The unintended consequence of SO2 and NO2 regulations over China: increase of ammonia levels and impact on PM2.5 concentrations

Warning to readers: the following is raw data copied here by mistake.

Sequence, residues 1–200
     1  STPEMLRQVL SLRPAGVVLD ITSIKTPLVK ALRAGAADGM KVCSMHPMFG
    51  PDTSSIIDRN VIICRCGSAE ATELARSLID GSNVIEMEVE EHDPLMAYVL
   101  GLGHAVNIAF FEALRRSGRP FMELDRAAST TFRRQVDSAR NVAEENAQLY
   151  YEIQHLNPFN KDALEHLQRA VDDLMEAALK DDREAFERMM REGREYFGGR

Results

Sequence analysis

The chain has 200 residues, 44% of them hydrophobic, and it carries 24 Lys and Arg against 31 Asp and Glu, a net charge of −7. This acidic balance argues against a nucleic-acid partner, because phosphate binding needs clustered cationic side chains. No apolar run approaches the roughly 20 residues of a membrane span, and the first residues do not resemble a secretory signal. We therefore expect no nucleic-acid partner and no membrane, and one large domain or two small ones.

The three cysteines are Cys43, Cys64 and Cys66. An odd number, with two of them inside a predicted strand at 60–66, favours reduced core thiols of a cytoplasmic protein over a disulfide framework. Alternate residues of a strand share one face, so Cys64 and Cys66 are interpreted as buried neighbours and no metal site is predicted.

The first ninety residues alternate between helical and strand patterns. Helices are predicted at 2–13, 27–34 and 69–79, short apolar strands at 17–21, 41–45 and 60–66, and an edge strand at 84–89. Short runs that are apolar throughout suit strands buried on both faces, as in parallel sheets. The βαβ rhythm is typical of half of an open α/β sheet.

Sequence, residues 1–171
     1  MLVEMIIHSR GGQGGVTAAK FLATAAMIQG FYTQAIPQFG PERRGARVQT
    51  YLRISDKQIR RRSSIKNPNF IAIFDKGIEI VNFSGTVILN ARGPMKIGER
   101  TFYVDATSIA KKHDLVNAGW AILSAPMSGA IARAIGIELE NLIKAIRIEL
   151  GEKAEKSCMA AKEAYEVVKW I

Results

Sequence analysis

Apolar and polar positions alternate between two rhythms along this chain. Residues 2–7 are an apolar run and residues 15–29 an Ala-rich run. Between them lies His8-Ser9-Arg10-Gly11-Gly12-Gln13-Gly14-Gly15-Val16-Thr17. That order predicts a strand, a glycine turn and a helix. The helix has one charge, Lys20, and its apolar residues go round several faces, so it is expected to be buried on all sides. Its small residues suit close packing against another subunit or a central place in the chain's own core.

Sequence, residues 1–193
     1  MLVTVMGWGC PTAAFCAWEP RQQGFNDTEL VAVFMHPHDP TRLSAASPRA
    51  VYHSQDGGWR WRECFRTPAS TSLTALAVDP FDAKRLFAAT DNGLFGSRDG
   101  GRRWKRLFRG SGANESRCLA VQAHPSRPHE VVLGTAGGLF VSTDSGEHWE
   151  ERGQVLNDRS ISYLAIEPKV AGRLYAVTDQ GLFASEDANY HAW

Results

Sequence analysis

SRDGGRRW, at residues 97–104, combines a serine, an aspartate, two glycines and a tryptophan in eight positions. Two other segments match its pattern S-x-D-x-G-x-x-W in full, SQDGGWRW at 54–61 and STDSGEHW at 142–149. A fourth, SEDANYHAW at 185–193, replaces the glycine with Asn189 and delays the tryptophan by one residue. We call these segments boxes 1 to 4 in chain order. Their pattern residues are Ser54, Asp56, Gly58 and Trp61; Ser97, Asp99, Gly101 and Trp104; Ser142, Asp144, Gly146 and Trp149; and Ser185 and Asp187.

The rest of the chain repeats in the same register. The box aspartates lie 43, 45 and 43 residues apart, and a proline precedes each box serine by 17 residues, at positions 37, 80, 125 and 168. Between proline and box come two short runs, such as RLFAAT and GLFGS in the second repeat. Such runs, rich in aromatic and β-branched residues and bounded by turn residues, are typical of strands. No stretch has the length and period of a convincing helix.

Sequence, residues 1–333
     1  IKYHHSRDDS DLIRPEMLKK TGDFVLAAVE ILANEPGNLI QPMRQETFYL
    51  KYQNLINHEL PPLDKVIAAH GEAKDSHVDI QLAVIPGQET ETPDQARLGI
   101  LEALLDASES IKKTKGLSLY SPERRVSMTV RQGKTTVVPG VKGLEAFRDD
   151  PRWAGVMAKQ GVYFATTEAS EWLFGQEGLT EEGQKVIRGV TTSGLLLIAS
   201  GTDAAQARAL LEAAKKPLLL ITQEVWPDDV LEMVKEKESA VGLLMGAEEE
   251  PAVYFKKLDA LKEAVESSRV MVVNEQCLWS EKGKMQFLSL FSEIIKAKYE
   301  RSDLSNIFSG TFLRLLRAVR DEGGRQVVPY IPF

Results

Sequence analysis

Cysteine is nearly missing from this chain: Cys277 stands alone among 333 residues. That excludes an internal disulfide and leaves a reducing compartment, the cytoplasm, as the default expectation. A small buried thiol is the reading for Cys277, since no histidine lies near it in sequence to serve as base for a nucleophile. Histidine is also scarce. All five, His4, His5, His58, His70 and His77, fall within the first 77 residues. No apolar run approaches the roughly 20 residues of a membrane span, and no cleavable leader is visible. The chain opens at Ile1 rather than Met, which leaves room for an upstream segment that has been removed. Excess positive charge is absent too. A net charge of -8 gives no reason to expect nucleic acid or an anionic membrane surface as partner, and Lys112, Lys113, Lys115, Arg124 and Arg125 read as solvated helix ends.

Air pollution reaching hazardous levels in many Chinese cities has been a major concern in China over the past decades. New policies have been applied to regulate anthropogenic pollutant emissions, leading to changes in atmospheric composition and in particulate matter (PM) production. Increasing levels of atmospheric ammonia columns have been observed by satellite during recent years. In particular, observations from the Infrared Atmospheric Sounding Interferometer (IASI) reveal an increase of these columns by 15 % and 65 % from 2011 to 2013 and 2015, respectively, over eastern China. In this paper we performed model simulations for 2011, 2013 and 2015 in order to understand the origin of this increase and to quantify the link between ammonia and the inorganic components of particles: NH4(p)+/SO4(p)2-/NO3(p)-. Interannual change of meteorology can be excluded as a reason: year 2015 meteorology leads to enhanced sulfate production over eastern China, which increases the ammonium and decreases the ammonia content, which is contrary to satellite observations. Reductions in SO2 and NOx emissions from 2011 to 2015 of 37.5 % and 21 % respectively, as constrained from satellite data, lead to decreased inorganic matter (by 14 % for NH4(p)++SO4(p)2-+NO3(p)-). This in turn leads to increased gaseous NH3(g) tropospheric columns by as much as 24 % and 49 % (sampled corresponding to IASI data availability) from 2011 to 2013 and 2015 respectively and thus can explain most of the observed increase.